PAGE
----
Jobs boost expected

Liz Bell

MORE than a dozen major investment projects throughout the Wellington Shire are poised to create thousands of jobs, boost the local economy and lead Gippsland’s recovery from COVID-19.

A mix of government and private projects are in the pipeline, with most of the development focused on privately funded clean energy projects incentivised by government grants, which have turbo charged the sector and inspired innovation.

One of the most visible construction projects, the much-awaited $25 million TAFE Gippsland campus at the Port of Sale, is currently in the early stages of construction, but is dwarfed in terms of size and cost compared to projects in the wind and solar sector.

Another, the ambitious Gippsland Renewable Energy Park, includes a planned eco project that will have a solar farm, battery storage system and green hydrogen production.

The park involves a 2347 hectare (5800 acre) site in the Giffard area, which will assist the state government in meeting its target of 50 per cent renewable energy by 2030 and shore up additional power supply in the event of the early closure of coal fired power stations.

The project is being developed by Solis RE in conjunction with local stakeholders, Marathon Electrical chief executive Brett Singh and the Ferguson Family.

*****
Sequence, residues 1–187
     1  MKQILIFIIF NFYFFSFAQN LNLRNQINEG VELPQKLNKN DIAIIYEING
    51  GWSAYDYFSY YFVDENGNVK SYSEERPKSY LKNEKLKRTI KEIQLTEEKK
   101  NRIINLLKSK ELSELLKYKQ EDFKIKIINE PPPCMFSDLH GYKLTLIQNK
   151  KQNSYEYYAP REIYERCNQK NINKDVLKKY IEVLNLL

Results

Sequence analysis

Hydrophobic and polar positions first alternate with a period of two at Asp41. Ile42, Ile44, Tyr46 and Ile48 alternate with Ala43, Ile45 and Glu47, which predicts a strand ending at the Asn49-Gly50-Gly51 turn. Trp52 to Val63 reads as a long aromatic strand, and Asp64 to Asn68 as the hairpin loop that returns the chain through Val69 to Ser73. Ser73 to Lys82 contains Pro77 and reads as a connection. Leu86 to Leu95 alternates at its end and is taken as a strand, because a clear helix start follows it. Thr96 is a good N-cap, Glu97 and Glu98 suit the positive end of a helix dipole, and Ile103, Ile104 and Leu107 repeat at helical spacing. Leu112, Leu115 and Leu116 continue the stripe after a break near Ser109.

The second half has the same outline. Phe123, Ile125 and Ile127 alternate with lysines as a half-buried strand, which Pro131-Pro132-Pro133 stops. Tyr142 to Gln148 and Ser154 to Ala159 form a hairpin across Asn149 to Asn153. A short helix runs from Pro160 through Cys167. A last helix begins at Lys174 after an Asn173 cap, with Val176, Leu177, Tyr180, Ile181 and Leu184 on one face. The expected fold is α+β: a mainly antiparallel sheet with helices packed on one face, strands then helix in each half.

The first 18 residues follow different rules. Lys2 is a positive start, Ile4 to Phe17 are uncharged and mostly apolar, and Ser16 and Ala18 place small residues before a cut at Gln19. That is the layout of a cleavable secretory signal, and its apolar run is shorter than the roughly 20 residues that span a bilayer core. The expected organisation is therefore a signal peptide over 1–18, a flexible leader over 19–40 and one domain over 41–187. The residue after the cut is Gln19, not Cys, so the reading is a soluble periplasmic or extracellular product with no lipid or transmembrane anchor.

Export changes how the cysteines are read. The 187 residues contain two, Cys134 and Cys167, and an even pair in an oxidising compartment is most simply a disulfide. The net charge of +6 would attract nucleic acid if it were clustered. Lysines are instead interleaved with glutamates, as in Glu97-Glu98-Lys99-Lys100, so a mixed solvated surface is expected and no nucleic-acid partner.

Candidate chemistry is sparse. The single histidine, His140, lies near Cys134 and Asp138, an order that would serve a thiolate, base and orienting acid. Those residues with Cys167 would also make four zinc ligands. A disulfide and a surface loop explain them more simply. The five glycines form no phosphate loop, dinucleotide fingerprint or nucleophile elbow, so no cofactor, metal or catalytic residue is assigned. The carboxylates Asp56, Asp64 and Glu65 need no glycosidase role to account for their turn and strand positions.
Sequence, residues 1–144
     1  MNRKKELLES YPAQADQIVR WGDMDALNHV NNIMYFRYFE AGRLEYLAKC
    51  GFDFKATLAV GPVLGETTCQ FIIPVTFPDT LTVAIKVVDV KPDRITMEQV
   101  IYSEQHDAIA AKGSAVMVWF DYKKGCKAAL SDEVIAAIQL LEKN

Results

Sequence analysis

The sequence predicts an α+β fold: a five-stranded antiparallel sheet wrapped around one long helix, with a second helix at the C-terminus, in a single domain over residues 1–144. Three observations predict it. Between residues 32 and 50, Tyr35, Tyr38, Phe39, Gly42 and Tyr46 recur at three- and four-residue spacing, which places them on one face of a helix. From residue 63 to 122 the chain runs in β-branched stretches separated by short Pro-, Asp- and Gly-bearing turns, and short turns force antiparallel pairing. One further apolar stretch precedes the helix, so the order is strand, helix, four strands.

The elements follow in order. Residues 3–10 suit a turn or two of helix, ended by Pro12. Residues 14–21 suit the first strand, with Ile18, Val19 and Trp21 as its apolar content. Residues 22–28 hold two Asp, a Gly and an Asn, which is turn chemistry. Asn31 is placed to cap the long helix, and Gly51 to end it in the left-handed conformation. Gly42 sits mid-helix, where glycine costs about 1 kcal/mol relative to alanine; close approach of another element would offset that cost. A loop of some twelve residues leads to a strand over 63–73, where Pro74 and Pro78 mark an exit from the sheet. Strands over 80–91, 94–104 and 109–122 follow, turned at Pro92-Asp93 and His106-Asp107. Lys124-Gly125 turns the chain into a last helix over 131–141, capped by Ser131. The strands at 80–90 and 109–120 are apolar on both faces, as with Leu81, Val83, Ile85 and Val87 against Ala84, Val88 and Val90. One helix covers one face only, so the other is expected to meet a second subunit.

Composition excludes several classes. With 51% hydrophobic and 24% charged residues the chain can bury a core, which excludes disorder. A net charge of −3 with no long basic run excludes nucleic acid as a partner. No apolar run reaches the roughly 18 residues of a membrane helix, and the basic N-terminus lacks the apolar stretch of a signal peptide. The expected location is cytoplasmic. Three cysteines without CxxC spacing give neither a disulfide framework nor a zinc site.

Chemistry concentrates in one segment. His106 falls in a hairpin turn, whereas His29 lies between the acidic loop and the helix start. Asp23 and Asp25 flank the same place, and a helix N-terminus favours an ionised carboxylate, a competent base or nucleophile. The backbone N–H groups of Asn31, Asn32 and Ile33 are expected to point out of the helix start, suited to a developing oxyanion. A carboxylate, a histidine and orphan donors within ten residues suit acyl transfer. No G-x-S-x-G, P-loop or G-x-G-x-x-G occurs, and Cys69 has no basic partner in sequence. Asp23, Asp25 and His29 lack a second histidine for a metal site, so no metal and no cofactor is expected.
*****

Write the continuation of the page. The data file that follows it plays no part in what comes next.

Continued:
Mr Singh, who grew up in Briagolong, said he was passionate about revitalising Gippsland, and ensuring jobs for the future.

“This is a massive plan; Gippsland is on its way to becoming the renewable energy hub of the state,” he said.

The park is just one part of the ‘Project Repowering Gippsland’ strategy, which also includes a four megawatt solar and 50MWh battery development in Perry Bridge and a 65 to 80 MW solar and 65MWh battery project development in Fulham.

Construction should begin on those projects this year.

Mr Singh said Gippsland had a proud energy history, and Project Repowering Gippsland was well positioned to leverage off the existing transmission network in place from coal power plants to provide reliable, efficient, low cost power and big battery storage.

All up, the project is estimated to cost $2.6 billion and create hundreds of local jobs and opportunities for regional businesses.

To ensure there are enough local tradespeople skilled in renewable energy technology, the Australian Renewable Academy – a collaboration of Gippsland businesses working in conjunction with SolisRE and local stakeholders – is expected to begin training in Sale within the year, with recruitment agencies already scoping for applicants.